Are you the owner of a health clinic or HMO in South Florida? Then you need to understand what to do if the government involves you in a Medicare-related fraud investigation. To give you this understanding, our firm recently published a SlideShare presentation on this topic for your review:
We routinely strive to provide our readers in Florida and elsewhere with topical and relevant information regarding criminal law matters.
As we noted in a recent blog post, the topic of white collar crime was, until relatively recently, a comparatively staid and back-burner type of focus area within the larger realm of criminal law.
A fraud case involving a former professional athlete serves to illustrate the contours of a so-called Ponzi scheme and the potential civil and criminal penalties that can result for a participant.
Well-known political columnist George Will points out in a recent article he penned that approximately 4,500 federal criminal statutes are currently in force across the country, along with "innumerable regulations backed by criminal penalties that include incarceration."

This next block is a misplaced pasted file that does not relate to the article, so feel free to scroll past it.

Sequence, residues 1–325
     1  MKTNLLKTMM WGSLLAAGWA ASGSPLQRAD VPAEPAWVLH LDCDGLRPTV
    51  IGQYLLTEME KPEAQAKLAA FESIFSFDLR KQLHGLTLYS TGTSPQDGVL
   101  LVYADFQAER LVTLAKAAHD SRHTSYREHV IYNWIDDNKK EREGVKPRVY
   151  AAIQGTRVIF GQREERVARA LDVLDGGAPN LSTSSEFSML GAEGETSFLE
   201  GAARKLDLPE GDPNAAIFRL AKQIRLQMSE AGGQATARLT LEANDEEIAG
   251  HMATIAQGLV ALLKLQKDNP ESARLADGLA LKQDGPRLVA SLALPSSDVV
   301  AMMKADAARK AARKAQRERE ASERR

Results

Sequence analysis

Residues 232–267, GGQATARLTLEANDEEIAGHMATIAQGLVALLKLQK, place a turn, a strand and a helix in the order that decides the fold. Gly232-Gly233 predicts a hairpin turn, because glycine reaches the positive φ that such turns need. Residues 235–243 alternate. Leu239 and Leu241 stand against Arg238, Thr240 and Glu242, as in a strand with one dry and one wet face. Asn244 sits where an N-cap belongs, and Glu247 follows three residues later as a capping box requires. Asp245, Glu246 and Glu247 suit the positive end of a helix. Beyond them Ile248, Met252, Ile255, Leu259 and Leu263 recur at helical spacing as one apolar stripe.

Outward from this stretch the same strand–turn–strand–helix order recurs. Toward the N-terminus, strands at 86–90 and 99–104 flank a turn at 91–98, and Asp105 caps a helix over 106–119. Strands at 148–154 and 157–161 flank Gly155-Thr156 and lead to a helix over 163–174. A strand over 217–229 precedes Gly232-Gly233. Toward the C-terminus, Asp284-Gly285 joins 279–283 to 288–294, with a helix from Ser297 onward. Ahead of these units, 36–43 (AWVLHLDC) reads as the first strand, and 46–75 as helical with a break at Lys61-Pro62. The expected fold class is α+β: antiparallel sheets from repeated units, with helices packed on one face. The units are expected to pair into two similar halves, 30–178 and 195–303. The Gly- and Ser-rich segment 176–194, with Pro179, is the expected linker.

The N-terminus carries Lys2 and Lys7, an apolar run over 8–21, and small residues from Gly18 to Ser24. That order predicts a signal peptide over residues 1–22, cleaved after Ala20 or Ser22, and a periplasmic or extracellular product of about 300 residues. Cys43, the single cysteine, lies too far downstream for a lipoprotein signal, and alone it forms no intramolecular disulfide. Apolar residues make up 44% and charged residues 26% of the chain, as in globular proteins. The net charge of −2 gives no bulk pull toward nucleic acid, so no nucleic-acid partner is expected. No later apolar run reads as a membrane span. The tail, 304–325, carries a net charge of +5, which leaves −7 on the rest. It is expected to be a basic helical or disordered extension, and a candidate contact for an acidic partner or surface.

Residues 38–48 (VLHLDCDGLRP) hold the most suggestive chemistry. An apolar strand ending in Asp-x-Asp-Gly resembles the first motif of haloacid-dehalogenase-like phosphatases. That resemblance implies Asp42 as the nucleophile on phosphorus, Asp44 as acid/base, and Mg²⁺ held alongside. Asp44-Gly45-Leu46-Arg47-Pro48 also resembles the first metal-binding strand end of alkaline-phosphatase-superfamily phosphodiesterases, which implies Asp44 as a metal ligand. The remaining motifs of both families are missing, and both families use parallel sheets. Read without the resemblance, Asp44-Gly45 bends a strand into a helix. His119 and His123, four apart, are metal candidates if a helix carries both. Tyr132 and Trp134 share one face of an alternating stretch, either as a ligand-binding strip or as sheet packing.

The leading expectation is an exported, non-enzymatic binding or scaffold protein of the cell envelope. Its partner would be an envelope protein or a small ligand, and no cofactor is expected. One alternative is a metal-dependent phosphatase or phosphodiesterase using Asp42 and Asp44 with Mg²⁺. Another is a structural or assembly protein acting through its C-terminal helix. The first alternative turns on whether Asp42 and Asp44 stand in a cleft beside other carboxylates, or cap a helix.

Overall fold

It takes two to tango.
Every seasoned criminal defense attorney has often lamented the fact that a client simply provided police officers and other criminal investigators with information that he or she was not compelled to divulge.
If you own an HMO or health clinic in South Florida, you need to know what to do if the government decides to investigate you for Medicare fraud. For that reason, our law firm, Frank A. Rubino, Esq., provides you with a new legal alert entitled, "Medicare Fraud: What To Do When The Government Comes Calling."
Calling it "a somewhat odd thing to do," a spokesperson for the United States Department of Justice pointed to and decried the suggested changes recently offered up by a federal panel in the realm of criminal sentencing for convicted white collar defendants.